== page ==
Open Internet Consortium adds new members

One of the groups working to standardize technologies for the Internet of Things (IoT) just got a little bigger. Make that 27 member companies bigger.

The Open Interconnect Consortium (OIC), whose founding members include Intel, Cisco Systems and Samsung, said it added 27 new members, bringing its total to 32.

The OIC says it's working to define the connectivity requirements to improve interoperability between the billions of devices making up the IoT. But as PCWorld points out, it's not the only game in town.

The Open Interconnect Consortium, which launched in July, is competing with the AllSeen Alliance, which uses an open-source implementation of Qualcomm's (NASDAQ:QCOM) AllJoyn framework to connect devices to one another regardless of their underlying proprietary technology or communications protocols. The AllSeen Alliance now totals 71 members, up from 24 members upon its formation in December 2013.

Meanwhile, Samsung also teamed up with Google's (NASDAQ: GOOG) Nest Labs, ARM Holdings and others to create a mesh wireless standard for the IoT market called Thread.

These groups' efforts may be competitive in some areas and complementary in others, but it's not yet clear exactly how that will line up, PCWorld noted.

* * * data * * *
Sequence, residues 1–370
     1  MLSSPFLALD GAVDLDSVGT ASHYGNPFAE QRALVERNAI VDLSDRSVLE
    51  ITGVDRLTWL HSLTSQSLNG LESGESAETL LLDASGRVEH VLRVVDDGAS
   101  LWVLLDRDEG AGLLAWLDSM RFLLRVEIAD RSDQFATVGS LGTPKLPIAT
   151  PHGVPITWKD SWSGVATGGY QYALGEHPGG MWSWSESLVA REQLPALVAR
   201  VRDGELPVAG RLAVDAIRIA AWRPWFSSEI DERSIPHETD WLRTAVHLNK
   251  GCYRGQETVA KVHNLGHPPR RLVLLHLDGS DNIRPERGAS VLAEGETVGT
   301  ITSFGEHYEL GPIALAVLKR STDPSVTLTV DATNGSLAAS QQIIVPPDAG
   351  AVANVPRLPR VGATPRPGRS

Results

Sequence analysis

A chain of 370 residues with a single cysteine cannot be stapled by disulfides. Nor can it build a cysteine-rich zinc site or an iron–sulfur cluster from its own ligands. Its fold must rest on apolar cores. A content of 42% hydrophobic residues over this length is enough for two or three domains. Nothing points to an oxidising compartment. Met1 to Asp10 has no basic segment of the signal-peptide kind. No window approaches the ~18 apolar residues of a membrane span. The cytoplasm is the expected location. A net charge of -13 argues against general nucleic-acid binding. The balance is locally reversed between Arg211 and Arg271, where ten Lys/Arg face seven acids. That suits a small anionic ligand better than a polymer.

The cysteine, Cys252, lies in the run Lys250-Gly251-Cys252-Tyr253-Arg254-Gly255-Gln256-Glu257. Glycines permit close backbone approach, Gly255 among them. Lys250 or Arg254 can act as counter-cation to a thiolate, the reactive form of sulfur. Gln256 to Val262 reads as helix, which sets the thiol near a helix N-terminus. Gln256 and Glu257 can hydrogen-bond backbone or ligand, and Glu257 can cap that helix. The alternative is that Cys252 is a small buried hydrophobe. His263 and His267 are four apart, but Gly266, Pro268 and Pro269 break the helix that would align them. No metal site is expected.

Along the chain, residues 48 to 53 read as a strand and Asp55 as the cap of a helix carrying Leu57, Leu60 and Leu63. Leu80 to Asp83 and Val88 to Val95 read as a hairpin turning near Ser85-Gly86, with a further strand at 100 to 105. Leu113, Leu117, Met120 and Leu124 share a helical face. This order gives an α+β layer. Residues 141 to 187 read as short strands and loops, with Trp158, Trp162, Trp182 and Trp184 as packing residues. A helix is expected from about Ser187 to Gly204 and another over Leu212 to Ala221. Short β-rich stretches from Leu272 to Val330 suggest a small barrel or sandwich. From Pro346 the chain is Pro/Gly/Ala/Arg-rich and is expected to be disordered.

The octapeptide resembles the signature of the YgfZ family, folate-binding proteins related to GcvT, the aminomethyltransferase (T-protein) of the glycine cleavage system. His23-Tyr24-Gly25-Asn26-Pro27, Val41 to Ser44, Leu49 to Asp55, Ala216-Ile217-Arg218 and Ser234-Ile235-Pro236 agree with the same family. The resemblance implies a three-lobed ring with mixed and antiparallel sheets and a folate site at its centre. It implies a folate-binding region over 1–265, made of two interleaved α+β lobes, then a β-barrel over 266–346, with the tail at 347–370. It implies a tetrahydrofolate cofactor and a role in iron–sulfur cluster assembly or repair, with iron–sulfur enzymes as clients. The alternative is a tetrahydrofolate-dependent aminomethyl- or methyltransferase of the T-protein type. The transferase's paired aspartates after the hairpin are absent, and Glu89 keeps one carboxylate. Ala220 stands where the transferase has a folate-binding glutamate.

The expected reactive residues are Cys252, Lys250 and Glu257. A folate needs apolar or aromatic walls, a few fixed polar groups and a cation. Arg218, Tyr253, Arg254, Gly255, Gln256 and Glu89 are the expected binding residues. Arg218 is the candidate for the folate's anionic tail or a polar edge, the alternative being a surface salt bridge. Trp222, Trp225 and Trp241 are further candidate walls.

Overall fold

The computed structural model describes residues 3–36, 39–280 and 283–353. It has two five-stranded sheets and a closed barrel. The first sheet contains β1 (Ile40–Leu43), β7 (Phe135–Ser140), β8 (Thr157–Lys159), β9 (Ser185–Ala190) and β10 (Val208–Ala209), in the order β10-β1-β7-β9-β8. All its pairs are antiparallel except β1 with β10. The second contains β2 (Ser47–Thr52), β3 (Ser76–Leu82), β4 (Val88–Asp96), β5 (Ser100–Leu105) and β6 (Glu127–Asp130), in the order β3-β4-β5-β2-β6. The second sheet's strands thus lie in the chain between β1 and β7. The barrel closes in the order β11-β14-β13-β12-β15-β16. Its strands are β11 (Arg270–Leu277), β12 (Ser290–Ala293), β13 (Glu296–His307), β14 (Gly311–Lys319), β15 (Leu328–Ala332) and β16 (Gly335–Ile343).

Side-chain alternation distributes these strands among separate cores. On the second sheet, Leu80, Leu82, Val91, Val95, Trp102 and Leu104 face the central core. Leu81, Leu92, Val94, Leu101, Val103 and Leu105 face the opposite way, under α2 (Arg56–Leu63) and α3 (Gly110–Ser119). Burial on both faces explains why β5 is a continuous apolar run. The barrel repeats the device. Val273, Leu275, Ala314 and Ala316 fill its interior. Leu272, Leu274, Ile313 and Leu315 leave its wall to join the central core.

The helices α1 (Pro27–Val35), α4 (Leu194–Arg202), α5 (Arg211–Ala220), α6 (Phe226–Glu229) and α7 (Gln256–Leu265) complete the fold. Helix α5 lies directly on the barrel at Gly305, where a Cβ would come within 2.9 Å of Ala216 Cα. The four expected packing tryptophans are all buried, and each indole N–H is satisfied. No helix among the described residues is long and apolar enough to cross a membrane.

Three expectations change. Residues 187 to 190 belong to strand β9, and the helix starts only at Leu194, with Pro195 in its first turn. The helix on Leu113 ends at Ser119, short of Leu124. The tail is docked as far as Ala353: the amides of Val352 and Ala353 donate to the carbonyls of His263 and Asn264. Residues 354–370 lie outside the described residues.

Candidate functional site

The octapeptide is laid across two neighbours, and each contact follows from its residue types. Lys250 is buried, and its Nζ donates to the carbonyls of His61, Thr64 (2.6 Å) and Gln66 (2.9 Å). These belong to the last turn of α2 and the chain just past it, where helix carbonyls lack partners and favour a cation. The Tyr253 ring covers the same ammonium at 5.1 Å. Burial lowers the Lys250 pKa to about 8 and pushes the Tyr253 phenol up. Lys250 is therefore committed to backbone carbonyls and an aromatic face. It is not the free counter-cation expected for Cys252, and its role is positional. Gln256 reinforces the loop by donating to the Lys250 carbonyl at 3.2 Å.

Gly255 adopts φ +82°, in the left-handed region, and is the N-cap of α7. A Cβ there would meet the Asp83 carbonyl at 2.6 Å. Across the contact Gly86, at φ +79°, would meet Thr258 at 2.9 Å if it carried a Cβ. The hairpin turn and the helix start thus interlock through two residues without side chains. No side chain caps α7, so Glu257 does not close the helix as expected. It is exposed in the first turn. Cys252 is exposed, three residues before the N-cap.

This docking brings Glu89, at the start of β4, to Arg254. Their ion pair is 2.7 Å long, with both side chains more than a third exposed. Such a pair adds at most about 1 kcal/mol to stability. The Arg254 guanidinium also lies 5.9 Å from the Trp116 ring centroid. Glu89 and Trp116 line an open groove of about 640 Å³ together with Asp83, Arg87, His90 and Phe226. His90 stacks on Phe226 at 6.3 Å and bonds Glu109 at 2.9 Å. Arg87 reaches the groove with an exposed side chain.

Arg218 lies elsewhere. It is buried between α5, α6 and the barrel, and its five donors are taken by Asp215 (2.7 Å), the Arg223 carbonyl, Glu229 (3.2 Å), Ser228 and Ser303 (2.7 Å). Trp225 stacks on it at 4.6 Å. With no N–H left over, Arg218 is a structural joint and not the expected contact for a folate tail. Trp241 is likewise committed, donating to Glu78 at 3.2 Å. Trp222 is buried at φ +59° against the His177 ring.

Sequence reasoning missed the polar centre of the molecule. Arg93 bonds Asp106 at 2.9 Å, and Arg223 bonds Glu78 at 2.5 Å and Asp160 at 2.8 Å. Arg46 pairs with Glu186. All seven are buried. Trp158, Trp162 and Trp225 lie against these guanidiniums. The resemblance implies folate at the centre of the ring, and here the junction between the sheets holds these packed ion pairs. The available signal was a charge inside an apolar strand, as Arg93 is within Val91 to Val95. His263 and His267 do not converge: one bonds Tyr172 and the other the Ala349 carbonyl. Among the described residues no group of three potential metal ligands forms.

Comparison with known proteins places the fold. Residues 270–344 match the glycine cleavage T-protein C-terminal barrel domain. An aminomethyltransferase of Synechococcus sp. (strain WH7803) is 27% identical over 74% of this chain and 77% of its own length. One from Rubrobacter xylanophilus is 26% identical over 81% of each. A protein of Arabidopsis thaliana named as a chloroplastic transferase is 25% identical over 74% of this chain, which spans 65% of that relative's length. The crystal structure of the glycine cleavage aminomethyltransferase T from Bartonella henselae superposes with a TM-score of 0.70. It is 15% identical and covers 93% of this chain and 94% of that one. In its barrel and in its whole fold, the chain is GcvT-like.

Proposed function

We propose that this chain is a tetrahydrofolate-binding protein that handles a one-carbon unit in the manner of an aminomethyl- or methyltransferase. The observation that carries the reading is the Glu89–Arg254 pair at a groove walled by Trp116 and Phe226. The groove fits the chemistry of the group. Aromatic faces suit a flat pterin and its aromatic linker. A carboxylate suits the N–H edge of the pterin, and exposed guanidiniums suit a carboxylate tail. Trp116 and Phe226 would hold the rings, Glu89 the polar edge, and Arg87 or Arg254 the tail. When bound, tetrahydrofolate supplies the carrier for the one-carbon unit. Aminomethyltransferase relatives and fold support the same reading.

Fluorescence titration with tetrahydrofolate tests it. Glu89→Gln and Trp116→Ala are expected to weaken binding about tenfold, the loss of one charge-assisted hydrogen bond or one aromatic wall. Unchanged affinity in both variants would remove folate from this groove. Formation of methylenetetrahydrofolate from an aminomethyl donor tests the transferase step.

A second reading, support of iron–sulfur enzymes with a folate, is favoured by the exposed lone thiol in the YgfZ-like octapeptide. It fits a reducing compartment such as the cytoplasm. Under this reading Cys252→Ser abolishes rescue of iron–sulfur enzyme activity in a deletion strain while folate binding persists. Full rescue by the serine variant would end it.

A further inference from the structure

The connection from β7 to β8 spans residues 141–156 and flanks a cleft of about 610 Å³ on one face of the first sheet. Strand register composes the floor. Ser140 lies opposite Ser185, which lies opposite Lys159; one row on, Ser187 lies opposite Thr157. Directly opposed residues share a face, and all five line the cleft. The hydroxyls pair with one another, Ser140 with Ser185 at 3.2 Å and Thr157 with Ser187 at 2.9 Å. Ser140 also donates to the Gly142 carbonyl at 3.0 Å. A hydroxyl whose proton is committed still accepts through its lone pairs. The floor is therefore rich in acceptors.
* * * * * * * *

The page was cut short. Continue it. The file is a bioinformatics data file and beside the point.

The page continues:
Some have argued that a single point of contact helps get industry players on the same page and having myriad groups developing separate frameworks does not help the cause. Others say it's normal for various industry efforts to coexist at this stage of the game. Eventually, however, some industry leaders say the groups will need to work together if the IoT ecosystem is to thrive.

For more:
- see this PCWorld story
- see this press release

Related articles:
AT&T exec: IoT standards groups need to work together
Microsoft joins Qualcomm in AllSeen Alliance's Internet of Things push
Using Qualcomm's AllJoyn, AllSeen Alliance launches to create standard for Internet of Things
Qualcomm targets home appliance makers for AllJoyn growth

Suggested Articles

Microsoft announced the preview of Azure Private Edge Zones, which are private 5G/LTE networks combined with Azure Stack Edge on-premises.

T-Mobile is wasting no time putting Sprint’s trove of 2.5 GHz to work for it in a 5G realm.

The Wi-Fi community is finally getting a much-needed infusion in the form of spectrum in the 6 GHz band.